Firsting and Lasting: Writing Indians Out of Existence in New England.
By Jean M. O’Brien. Minneapolis, MN: University of Minnesota Press, 2010; 269 pp., softcover, $25.00.
Public historians and cultural resource managers are familiar with the dusty and yellow-edged 19th-century local histories written by “amateur” historians. In these works, important and select historical facts are chronicled and worthy citizens are memorialized in anecdotal biographical sketches. However, these antiquarian volumes have other important stories to tell as well. Rather than casting them aside, cultural resource practitioners today should regard these histories as valuable primary sources for understanding the evolution of American attitudes and values.
For Jean O’Brien, professor of history at the University of Minnesota and a member of the White Earth Ojibwe tribe, local histories from the 1820s to the 1880s are evidence of how people in southern New England viewed and treated American Indians. Her subsequent findings are presented in Firsting and Lasting: Writing Indians Out of Existence in New England. O’Brien uses the word “firsting” to refer to the belief of many Euro-American settlers that they were the first people to establish civilization in North America. The “lasting” refers to the final status of American Indians, who were depicted as the “last” to pass from the scene. In O’Brien’s view, local histories were written by mostly white, middle-class authors, who were preoccupied with the Anglo-Saxon origins of the nation. The writers relegated Indians to “lasting” status because Indians as a people and cultural entity were deemed to be incompatible with modern civilization.
O’Brien uses hundreds of local texts, most of which contain references to Indian history. Using this abundant written material, the author examines how communities in Massachusetts, Connecticut, and Rhode Island depicted the “extinction” of Indians as well as how the Indians actually resisted and survived.
In her exhaustive examination, O’Brien develops her study through a number of themes. “Firsting” focuses on the claims about the primacy of English culture, institutions, and lifeways, with native peoples contributing a vague primordial and inferior preface for true “history” yet to come. For Euro-Americans, authentic history began with the gathering of European peoples in a place and their transformation of former Indian homelands. Tens of thousands of years of Indian histories and destinies counted for nothing. Non-Indians depicted Indians as rooted in nature, tradition, and superstition. New Englanders saw themselves as symbols of the civilized order of culture, science, and reason. Firsting implied sole legitimacy of New England ways, inherently superior and modern. Their singular focus claimed that European New Englanders erected the first houses, institutions, politics, and economics in America. Repeatedly, the texts argued that Indians were mired in an ancient and inferior past, and therefore were incompatible with superior cultures from across the Atlantic. To them, Indians who changed, evolved and/or intermarried were no longer authentic and forfeited their “Indianness.” For all practical purposes, in the minds of American New Englanders, Indians vanished from New England. In reality, of course, Indians still survived.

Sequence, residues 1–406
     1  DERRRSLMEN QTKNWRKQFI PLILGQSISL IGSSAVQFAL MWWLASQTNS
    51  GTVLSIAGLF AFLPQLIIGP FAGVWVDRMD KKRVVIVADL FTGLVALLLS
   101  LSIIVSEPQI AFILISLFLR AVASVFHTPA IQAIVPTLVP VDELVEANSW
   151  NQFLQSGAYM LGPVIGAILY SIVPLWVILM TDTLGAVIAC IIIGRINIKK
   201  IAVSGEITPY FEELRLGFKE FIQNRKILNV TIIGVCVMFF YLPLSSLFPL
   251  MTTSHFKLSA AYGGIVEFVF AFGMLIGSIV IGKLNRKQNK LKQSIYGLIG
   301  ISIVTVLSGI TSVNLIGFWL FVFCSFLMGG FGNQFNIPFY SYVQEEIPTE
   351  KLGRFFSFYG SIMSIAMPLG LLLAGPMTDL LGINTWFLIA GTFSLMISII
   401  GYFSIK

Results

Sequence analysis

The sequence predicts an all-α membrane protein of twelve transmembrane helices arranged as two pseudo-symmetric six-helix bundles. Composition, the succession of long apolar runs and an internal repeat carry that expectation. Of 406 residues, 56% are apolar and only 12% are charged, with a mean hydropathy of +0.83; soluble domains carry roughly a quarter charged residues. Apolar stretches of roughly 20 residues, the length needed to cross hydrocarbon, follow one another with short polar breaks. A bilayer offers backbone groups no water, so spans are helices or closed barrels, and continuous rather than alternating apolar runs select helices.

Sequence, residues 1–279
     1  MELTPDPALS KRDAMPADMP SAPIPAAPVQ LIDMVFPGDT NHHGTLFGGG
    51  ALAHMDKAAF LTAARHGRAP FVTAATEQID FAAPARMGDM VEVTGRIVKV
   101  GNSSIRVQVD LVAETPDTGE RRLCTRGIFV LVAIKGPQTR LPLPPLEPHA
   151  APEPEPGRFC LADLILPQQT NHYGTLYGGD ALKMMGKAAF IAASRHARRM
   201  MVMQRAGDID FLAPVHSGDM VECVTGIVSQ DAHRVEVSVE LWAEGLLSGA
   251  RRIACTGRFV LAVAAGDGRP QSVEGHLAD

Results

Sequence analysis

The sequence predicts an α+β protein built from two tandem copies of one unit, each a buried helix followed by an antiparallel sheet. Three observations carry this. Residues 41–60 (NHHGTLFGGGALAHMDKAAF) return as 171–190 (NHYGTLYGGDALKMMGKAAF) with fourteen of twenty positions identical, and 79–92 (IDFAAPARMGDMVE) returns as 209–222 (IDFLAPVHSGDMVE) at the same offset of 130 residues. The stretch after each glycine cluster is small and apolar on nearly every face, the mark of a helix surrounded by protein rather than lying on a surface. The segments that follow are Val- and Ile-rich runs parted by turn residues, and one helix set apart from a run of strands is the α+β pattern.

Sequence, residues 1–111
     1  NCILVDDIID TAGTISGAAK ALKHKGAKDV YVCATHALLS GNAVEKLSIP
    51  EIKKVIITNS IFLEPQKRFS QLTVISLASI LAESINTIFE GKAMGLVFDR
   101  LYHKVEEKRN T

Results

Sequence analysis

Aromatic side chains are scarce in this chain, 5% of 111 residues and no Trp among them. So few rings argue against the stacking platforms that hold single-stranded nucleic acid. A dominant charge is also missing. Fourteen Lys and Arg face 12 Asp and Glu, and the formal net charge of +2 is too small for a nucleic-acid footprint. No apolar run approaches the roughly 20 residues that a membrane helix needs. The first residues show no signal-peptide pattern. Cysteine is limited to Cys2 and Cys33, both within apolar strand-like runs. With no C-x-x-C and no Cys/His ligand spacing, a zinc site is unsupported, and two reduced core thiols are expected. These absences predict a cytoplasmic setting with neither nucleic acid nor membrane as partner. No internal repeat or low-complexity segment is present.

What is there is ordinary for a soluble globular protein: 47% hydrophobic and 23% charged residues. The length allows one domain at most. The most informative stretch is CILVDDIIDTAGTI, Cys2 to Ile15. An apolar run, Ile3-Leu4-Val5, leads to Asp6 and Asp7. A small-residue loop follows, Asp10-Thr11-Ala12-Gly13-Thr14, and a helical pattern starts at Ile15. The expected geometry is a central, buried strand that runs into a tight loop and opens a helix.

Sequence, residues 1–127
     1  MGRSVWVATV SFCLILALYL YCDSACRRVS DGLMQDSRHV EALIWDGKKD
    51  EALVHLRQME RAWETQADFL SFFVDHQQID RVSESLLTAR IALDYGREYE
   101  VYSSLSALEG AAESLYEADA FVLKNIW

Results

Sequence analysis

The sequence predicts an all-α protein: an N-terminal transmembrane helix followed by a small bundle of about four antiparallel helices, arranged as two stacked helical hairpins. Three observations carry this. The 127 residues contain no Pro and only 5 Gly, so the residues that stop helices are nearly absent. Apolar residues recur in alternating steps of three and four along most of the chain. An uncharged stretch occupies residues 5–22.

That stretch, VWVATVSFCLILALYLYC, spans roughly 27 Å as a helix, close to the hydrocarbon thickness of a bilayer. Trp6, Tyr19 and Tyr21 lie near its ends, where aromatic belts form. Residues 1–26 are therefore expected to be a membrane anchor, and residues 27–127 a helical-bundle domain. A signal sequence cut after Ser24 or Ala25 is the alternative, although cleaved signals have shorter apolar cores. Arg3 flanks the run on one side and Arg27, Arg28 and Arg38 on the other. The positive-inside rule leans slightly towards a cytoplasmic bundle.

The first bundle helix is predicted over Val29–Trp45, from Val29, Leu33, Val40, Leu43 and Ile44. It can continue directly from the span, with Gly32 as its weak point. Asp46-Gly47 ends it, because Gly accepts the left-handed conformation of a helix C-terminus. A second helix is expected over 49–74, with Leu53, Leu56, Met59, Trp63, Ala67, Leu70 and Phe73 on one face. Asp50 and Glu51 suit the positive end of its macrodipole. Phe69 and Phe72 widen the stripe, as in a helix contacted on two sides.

“Firsting” alone did not claim the Indian place in America. “Replacing” addressed the process by Anglo-Saxons of the construction of an alternate reality that effectively rendered powerless the history of the American Indians. Euro-American commemoration of the Indian through monuments, selectively retained place names, and relic collecting—all served to relegate the idea of the Indian to fantasy and myth. Because these local histories presented a linear progression of civilization, they depicted a process of physically and imaginatively replacing Indians on the New England landscape. Indian history was replaced by a New England history of allegedly just relations and property transactions rooted in American diplomacy. The replacement narrative can be read in five different types of locations: erection of monuments to Indians and non-Indians, celebration of historical commemorations of various sorts (in memory of…), the excavation of Indian sites, selected retention of Indian place names, and claims non-Indians made to Indian homelands. These locations attest to simultaneous presence of Indian history in New England places even while Indians were declared only to be found in the past. Monuments to non-Indians became the replacement narrative that honored New English claims to first peoples, places, and events. In this way, the newcomers seized Indian identity for themselves while excluding actual Indians. To them, Indians were located in the ground and on the landscape as evidenced by Indian artifacts, graves, and place-names.